‘Sharing Hope’: Meeting Helps Brain Tumor Patients Cope Today — and Look Toward the Future

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Two outstanding leaders in neuro-oncology will headline the agenda when brain tumor patients and their families meet July 8 and 9 for Â?Sharing Hope,Â? a conference organized by the American Brain Tumor Association. Scheduled for the Eaglewood Conference Resort and Spa, Itasca, IL, the meeting brings together more than 20 experts to share their knowledge with participants navigating this disease.

Two outstanding leaders in neuro-oncology will headline the agenda when brain tumor patients and their families meet July 8 and 9 for “Sharing Hope,” a conference organized by the American Brain Tumor Association. Scheduled for the Eaglewood Conference Resort and Spa, Itasca, IL, the meeting brings together more than 20 experts to share their knowledge with participants navigating this disease.

    The keynote speakers include: Mitchel Berger MD, Professor and Chairman of the Department of Neurological Surgery at the University of California, San Francisco and Keith Black MD, Director of the Maxine Dunitz Neurosurgical Institute and Director of Neurosurgery at Cedars-Sinai Medical Center, Los Angeles, CA. Dr. Berger’s extensive brain mapping expertise identifies motor, sensory and language function sites so as to avoid injury during surgery. Dr. Black’s research has resulted in facilitating the delivery of chemotherapeutic drugs directly into the tumor.

    Drs. Berger and Black will open the one and a half-day conference by discussing why it’s important to know about brain tumor biology and what’s on the horizon for new therapies, including stem cells. They’ll be followed by other experts who’ll delve into some of the diagnostic and treatment issues facing patients, such as choosing a clinical trial over standard therapy and eating to fight a tumor. During concurrent workshops, participants will be able to focus on diverse topics, from how to treat specific tumors to how to cope with the side effects — seizures, fatigue and memory loss — of their disease.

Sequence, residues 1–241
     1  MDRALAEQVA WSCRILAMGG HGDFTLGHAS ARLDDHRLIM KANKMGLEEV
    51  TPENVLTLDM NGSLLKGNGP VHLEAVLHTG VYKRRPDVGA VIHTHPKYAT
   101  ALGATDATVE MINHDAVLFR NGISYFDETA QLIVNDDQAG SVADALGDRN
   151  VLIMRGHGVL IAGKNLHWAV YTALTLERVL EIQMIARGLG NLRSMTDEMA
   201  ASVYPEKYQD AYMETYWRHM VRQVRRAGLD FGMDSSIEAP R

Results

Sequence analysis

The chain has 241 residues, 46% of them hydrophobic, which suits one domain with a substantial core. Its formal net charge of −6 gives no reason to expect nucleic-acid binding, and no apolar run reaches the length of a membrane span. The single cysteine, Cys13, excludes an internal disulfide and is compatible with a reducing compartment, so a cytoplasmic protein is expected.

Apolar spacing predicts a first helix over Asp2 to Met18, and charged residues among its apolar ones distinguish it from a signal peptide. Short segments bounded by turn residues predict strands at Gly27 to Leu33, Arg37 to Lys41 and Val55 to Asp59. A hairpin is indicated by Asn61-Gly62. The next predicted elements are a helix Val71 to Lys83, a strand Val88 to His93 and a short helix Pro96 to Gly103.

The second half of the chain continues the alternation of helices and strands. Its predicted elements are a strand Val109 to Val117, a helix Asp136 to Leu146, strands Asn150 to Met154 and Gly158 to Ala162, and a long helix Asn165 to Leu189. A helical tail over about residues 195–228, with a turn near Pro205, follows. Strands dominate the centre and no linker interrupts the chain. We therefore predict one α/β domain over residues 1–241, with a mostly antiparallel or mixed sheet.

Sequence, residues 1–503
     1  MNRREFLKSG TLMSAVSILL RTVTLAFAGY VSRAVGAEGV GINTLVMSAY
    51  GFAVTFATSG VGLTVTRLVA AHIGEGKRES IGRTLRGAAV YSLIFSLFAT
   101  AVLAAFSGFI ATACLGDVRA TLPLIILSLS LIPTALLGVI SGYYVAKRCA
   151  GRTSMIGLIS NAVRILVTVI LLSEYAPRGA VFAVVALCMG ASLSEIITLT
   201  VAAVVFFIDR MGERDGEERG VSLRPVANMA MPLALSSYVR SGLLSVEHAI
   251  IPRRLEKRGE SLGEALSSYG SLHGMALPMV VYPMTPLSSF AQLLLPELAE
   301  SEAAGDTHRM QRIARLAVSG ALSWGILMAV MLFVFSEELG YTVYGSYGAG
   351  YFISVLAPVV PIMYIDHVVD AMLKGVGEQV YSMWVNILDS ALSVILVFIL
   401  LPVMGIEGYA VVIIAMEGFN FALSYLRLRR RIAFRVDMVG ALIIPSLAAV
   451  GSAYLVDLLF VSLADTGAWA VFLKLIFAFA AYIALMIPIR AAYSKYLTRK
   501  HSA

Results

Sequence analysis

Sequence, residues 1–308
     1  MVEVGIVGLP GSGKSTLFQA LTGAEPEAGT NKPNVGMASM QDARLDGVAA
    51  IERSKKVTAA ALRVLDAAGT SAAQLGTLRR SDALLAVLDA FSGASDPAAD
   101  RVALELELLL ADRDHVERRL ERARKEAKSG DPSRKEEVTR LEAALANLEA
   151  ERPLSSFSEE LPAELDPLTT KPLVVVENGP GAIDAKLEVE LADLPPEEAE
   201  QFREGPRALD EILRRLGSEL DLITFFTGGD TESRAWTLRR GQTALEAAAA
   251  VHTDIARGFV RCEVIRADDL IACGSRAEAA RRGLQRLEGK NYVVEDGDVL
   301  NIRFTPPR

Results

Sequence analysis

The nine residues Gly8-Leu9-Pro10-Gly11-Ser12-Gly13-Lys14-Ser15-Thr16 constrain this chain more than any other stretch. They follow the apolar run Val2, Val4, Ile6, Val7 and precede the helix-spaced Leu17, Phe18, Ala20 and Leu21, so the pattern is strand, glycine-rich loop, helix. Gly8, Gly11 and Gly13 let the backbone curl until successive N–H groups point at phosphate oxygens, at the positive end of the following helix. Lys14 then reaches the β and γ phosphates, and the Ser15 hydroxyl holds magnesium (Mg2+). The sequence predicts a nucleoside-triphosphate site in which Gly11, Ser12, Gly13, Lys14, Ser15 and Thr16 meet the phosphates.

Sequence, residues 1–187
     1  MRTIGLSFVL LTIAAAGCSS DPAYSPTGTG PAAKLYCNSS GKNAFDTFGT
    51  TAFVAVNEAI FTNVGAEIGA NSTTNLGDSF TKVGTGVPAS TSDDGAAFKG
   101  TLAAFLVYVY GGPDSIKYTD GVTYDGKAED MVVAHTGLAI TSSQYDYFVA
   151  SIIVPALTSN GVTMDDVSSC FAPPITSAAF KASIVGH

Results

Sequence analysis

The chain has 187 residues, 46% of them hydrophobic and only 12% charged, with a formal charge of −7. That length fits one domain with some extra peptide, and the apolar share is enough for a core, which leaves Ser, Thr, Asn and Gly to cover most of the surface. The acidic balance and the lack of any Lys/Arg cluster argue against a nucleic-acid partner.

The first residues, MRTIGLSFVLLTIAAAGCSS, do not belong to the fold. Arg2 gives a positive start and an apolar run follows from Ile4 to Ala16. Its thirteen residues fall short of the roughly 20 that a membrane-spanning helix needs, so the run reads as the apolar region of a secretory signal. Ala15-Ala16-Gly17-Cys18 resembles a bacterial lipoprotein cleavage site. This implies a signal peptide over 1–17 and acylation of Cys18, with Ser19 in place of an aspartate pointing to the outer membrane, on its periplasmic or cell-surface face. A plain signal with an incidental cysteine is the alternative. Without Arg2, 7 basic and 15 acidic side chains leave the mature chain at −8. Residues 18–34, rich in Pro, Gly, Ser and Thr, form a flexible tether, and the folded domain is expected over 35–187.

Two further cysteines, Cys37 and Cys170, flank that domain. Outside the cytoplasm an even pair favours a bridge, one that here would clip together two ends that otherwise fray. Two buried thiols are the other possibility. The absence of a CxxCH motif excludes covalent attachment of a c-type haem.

On site registration is $60. Call ABTA at 800-886-2282 for more information. “We think this is a wonderful opportunity for patients to hear from leaders in the field and to exchange experiences, ask questions and network with others,” states John Hipchen, president of ABTA. “We believe participants will feel uplifted after coming together, learning from each others and “Sharing Hope.”

Beyond learning from health professionals, patients will have the chance to share their experiences with those who’ve been there too. Featured will be the “Hidden Under Our Hats Traveling Exhibit,” 1,000 hats honoring those who’ve lost the battle — and those still fighting it. Among the latter group is David M. Bailey, a nine-year survivor of GBM (glioblastoma multiforme), a high-grade malignant tumor that usually grows rapidly and spreads quickly. When he was diagnosed on July 4, 1996, doctors told Bailey he had just months to live. But thanks to aggressive treatment, and diligent follow-up, he’s been sharing his music and story ever since. Bailey will perform his folk guitar at this year’s “Sharing Hope.”

    The American Brain Tumor Association was founded in 1973 by two mothers who lost their daughters to a brain tumor. The Association remains dedicated to eliminating brain tumors through research while meeting the needs of patients and their families. This year ABTA research funding levels surpassed $1,000,000. The Association’s patient meetings continue to bring experts and families together in “Sharing Hope.” For further information on upcoming conferences in Dallas, TX (this fall) and Tampa, FL (early 2006), visit the Association’s website at http://www.abta.org.

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Peggy Kasprzak
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